This, of course, wouldn’t be possible if Klein doesn’t make his characters believable. Each receives the right amount of shading for us to invest in, with back stories to explain their driving forces.

The Franklins are gloriously despicable, intent on securing what they see as their birth right, while the detectives are both professionally and personally determined to deliver justice, even when it begins to dawn on them just what they have become involved in.

In fact, the uncovering of the Nazi plot only spurs Vargas on, as his dead wife had been Jewish and her grandfather had been one of the hundreds of thousands of Jews who been forced to flee Nazi Germany.

Brian Klein, pictured here with Jeremy Clarkson, is a revered BAFTA-winning TV director who has also proved himself to be a first-class thriller author.

At its heart, The Counterfeit Candidate is an adventure through and through, but is told in a very technically impressive way. Not only do we have the two time periods at play, but also multiple points of view to provide a complete overview of what’s happening.

Perhaps the most remarkable thing is that this never becomes confusing or convoluted. Every chapter and every scene is mapped out with ruthless efficiency to enhance the experience.

Typically, you just wouldn’t expect this level of sophistication from a first-time author but with Klein it must be the case that his decades behind the camera, delivering week upon week of much-watch TV, have brought him armed and ready to the publishing world.

It all seems so visual, so big and cinematic, that you can almost see the story played out in your head as you read, thanks in no small part to colourful, impactful dialogue that springs off the pages, such as the following:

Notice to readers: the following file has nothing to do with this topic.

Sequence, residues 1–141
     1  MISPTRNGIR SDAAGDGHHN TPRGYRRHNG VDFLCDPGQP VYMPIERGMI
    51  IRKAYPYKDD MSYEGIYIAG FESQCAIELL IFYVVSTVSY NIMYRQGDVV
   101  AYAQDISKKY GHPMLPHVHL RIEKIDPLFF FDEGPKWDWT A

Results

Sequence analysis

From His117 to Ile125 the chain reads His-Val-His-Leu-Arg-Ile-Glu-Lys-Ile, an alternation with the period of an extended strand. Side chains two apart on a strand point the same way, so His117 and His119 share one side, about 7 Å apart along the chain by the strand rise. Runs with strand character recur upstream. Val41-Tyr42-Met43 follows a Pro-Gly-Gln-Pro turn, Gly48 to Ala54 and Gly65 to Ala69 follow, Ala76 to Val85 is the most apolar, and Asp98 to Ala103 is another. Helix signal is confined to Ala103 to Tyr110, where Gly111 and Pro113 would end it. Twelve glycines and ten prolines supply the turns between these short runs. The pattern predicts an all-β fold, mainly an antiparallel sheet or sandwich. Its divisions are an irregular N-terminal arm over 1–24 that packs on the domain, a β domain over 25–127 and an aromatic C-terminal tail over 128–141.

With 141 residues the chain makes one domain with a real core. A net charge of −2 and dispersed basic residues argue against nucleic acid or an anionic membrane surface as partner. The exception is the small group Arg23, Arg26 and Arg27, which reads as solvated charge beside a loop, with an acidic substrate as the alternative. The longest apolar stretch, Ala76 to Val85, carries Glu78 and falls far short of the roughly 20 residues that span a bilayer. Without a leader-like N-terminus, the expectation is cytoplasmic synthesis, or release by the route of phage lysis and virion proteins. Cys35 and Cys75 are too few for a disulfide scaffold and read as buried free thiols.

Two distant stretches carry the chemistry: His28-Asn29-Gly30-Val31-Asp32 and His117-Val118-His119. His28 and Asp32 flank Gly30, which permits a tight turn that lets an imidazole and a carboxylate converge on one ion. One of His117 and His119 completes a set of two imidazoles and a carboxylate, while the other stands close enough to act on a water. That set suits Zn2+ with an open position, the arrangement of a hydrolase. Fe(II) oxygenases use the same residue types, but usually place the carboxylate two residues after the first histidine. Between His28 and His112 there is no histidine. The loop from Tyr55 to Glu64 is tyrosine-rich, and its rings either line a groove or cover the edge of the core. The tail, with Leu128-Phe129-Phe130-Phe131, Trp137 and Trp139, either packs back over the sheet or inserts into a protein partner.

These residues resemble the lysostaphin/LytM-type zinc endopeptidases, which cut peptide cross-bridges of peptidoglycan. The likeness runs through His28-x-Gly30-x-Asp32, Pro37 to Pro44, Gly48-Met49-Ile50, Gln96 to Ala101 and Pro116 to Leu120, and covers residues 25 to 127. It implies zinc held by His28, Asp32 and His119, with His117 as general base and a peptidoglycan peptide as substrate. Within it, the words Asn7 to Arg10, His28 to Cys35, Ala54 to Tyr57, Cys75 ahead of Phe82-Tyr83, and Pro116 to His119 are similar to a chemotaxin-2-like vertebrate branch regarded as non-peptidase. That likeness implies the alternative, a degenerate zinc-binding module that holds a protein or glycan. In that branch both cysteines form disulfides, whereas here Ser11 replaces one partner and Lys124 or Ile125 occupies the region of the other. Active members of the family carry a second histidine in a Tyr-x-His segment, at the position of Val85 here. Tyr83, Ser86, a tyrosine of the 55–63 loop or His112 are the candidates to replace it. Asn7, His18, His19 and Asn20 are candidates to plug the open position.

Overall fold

Vargas cut in. “The gang-killing theory is total shit. This case involves a level of criminal power and ruthlessness that’s off the scale. What started as an audacious but pretty regular robbery has morphed into a catalogue of torture and murder, the like of which I’ve never experienced before.”

Combine the thrilling sense of jeopardy, the high stakes, and the glamorous settings of Argentina and LA, and you can easily appreciate that this novel is ripe for big-screen adaptation.

And when this comes—and it will—you’ll be queuing up to watch it, just to get the same buzz you will receive when you read the novel.

So, in summing up, The Counterfeit Candidate is a clever interplay between history, competing ideals and imagination that, for once, lives up to all the hype.

The author’s former Top Gear colleague, presenter Jeremy Clarkson, describes it as “brilliant” and he’s bang on.

This thrilling debut novel instantly catapults author Brian Klein into Britain’s literary elite.

The Counterfeit Candidate by Brian Klein is published by Spirit Entertainment and is out on Amazon, priced £8.99 in paperback, £6.19 as an eBook, and £20.03 as an audiobook. For more information, visit www.brianklein.tv.

INTERVIEW WITH BRIAN KLEIN

TV director Brian Klein tells us why the Covid lockdown is to thank for his new novel, The Counterfeit Candidate,  seeing the light of day, why all those years of reading thrillers has finally paid off, and gives us an exclusive sneak peek into the sequel.

Q. The Counterfeit Candidate has been widely praised, generating hundreds of five-star reviews. Given that you never had any desire to become an author, how does this make you feel? 

A. I’ve been totally overwhelmed by the hundreds of five-star reviews on Amazon, and the wonderful reviews the book has received from critics and bloggers alike. It’s a massive surprise to me just how well the book has been received and it’s incredibly rewarding to hear every day from new readers who love the book and tell me they feel bereft once they have finished it. I didn’t see this reaction coming. It is really exciting and rewarding, and has helped inspire me to begin work on a sequel, which my publisher and many of my readers have asked for.

Q. You are a big fan of thrillers. Which novels/authors in the genre have been your biggest inspirations for your debut novel, and why?

A. For the last 30 years I have only read thrillers and my go-to authors are Robert Ludlum, David Baldacci, Dan Brown, Fredrick Forsyth and Robert Harris. Harris’ Fatherland is one of my all-time favourite thrillers and, like The Counterfeit Candidate, it paints an alternate version of history. Forsyth’s Day Of the Jackal is a classic ‘What If …’ novel ,as of course is The Counterfeit Candidate.

Q. What inspired the idea for The Counterfeit Candidate?